There is something about cooking with cast iron that (for me) makes it a far superior choice for cooking than many of its competitors. Its durability and ability to retain heat make it a favorite among chefs and home cooks. I’ve had some of my cast iron pieces for over fifteen years – And that’s with everyday use! To ensure your cast iron lasts for countless years, and retains non-stick properties, seasoning cast iron with oil is essential. However, choosing the right oil for cast iron can be a little daunting, so here’s a rundown of the best oil to season cast iron cookware.
New to seasoning your cookware and need a little help? Check out this post on How to season your cast iron cookware.
What does “season your cookware” actually mean?
Essentially it’s when you coat your cast iron skillet (or any cast iron pan or steel cookware) with a thin layer of oil that can withstand high temperatures, to a) prevent it from rusting, and b) to make the surface of the cast-iron pan habitable for cooking, and to prevent foods sticking to it. A well-seasoned pan makes cooking a breeze and a very functional piece of cookware. While some cast iron brands like Lodge already come pre-seasoned, you still need to keep your pan well-oiled by rubbing the cast-iron cookware with a protective layer of oil after each use.
Which oil do I use?
Vegetable shortening, like Crisco, is a popular and affordable option for seasoning cast iron. It has a high smoke point and its semi-solid state allows for even coating and absorption into the porous surface of the cookware. It creates a reliable non-stick surface and is easy to maintain.
While Chrisco isn’t widely available in Australia, look for it in cake decorating stores and online at USA Foods.
Canola or Vegetable Oil:
Canola oil or vegetable oil is another good choice for seasoning cast iron. With a high smoke point and a neutral flavor, it provides a really good surface on your cast iron. Both oil’s availability and affordability make it a practical option for many cooks. Applying multiple layers of canola oil and baking the cookware helps build up a smooth seasoning layer over time. Both Canola and vegetable oils are handy, well-rounded oils to have in your pantry. Good for baking, shallow frying, sauteing, and general cooking.
My go-to cast iron cooking oil. Grapeseed oil is a cracking option known for its high smoke point and mild flavor. As well as creating a durable seasoning layer on cast iron and good non-stick properties, grapeseed oil is also a fantastic oil for shallow and deep frying. This is the oil you want to use for schnitzel night and on your BBQ!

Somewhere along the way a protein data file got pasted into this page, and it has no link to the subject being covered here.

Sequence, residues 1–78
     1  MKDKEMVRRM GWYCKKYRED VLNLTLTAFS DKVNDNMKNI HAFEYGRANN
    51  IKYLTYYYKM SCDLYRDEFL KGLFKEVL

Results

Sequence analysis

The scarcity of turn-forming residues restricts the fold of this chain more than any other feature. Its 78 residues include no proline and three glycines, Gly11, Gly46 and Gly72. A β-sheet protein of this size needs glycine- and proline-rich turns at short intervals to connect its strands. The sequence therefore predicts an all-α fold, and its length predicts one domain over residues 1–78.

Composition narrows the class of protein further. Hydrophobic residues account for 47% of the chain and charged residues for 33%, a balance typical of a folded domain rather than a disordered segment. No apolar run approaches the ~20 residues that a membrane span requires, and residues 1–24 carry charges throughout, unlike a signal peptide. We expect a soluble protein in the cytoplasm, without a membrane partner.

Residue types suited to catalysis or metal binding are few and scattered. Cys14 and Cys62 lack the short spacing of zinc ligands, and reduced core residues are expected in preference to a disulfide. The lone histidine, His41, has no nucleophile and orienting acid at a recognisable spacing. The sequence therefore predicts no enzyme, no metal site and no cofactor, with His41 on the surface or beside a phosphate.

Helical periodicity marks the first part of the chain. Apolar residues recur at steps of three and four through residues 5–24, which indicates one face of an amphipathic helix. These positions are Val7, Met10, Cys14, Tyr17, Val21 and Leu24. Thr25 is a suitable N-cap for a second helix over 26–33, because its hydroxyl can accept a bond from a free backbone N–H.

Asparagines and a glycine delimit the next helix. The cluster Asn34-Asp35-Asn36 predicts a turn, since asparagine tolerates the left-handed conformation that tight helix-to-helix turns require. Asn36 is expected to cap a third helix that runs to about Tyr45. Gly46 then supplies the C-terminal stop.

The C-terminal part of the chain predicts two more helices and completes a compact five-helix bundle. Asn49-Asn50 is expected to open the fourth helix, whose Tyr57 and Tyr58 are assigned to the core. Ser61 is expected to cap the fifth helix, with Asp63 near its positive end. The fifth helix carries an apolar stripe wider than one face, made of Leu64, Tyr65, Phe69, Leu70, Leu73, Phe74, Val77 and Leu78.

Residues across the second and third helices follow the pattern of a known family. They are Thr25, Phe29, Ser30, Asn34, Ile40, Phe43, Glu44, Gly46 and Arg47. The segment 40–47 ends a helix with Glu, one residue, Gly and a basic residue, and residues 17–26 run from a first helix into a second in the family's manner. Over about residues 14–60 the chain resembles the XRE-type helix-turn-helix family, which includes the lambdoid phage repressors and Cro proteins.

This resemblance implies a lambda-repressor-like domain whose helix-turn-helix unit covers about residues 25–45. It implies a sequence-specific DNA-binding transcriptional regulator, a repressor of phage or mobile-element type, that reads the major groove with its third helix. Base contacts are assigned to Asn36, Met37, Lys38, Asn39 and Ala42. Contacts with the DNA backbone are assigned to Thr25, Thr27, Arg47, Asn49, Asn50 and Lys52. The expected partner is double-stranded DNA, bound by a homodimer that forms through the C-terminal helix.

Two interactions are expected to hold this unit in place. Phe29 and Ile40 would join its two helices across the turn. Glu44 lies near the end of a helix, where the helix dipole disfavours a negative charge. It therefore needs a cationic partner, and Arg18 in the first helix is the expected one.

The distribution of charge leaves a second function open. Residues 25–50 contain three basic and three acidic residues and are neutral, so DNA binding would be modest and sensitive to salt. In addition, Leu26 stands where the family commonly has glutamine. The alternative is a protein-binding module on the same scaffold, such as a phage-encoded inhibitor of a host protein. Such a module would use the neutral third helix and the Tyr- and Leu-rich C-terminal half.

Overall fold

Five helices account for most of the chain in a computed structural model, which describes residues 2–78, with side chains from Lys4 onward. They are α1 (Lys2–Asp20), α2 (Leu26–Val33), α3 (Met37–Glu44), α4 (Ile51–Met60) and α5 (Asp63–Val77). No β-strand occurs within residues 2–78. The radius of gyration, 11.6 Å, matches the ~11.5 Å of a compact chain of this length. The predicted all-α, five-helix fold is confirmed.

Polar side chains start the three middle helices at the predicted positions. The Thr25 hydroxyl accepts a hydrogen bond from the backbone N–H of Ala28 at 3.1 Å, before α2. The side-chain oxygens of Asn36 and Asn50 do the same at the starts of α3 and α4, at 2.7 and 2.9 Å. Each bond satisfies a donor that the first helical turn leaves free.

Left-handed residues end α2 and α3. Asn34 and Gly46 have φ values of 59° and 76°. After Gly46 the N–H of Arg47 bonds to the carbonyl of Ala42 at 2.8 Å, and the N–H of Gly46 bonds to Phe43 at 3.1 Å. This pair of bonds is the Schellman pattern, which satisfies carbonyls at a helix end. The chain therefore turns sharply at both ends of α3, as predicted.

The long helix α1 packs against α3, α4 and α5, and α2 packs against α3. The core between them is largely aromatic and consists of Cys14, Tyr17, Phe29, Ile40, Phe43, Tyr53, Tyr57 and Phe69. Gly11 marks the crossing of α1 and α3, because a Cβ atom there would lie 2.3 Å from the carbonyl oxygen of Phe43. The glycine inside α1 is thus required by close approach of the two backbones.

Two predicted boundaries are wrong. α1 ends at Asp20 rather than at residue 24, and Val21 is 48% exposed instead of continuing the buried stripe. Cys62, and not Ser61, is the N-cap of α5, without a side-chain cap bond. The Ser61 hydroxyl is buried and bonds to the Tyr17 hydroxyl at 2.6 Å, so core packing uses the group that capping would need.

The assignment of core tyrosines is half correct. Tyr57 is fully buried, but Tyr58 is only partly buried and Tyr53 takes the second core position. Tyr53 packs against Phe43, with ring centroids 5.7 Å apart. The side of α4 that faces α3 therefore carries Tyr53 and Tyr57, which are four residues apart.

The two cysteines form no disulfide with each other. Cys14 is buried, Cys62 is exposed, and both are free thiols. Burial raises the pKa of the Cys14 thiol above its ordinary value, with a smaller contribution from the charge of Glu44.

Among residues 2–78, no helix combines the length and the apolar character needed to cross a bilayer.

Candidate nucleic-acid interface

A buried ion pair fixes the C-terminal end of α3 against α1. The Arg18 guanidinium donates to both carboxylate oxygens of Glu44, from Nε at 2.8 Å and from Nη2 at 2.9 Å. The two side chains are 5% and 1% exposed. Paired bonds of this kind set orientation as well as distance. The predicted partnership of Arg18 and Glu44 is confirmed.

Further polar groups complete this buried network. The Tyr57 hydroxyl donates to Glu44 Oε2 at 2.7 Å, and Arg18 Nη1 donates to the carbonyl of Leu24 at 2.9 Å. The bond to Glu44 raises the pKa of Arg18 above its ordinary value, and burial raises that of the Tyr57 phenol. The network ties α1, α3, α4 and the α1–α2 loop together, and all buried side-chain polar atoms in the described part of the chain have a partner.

Avocado oil, rich in monounsaturated fats, is gaining popularity as a healthy cooking oil. When used for seasoning cast iron, it creates a hard and resilient layer that enhances the cookware’s non-stick qualities. Avocado oil has one of the highest smoke points making it suitable for seasoning at higher temperatures. Also use for shallow frying, as a finishing oil, or mix with a little red wine vinegar to create a delicious salad dressing.
I have extra virgin olive oil in my pantry. Can I use it to season cast iron?
No. Extra virgin olive oil has a very low smoke point for cooking. You’ll notice if you cook with EVOO that it turns brown within about 10 seconds on medium-high heat. In this case, all the goodness of EVOO has been burnt and has little health benefits from here. The best option is to keep your EVOO to use in salad dressings, to dress pasta, for dipping bread, etc, where you can really utilize that delicious flavor!
Coconut oil and Peanut oil have quite high smoke points, can I use either of those?
Sure. If you really love those flavors. Personally, I don’t like to restrict myself to seasoning a pan in particular flavored oil. Hence why all the oils above that I recommend as the best-cast iron seasoning oils, have little or no flavor.
Do you have to oil a cast iron skillet after every use?
Ideally, yes. Especially when it’s new. A well-seasoned skillet takes time, patience, and a little care. However, over time you will build up a layer of seasoning that will be strong enough to handle the odd bout of forgetfulness.
I have an enamel cast iron skillet. Do I need to season it?
While your skillet may have black enamel as a cooking surface, and it looks like seasoned or raw cast iron, it does not require seasoning or a protective coating to cook in it. To keep an enamel pan in good condition, it is a better practice to oil your food prior to cooking rather than the pan, as built-up oils can affect how the cooking surface works.
Some people recommend flaxseed oil. Thoughts?
In Australia, flaxseed oil is not readily available in supermarkets and specialty food stores, hence why I have not included it.
While the best choice of oil for cast iron seasoning ultimately depends on personal preference and to be honest, availability. These few oils above are all really good options. Whichever oil you choose, remember to apply thin layers of your chosen oil with a cotton cloth or paper towel and follow each brand’s recommended seasoning process for the best results and the longevity of your cast iron cookware.
What is your favorite piece of cast iron cookware? Let me know in the comments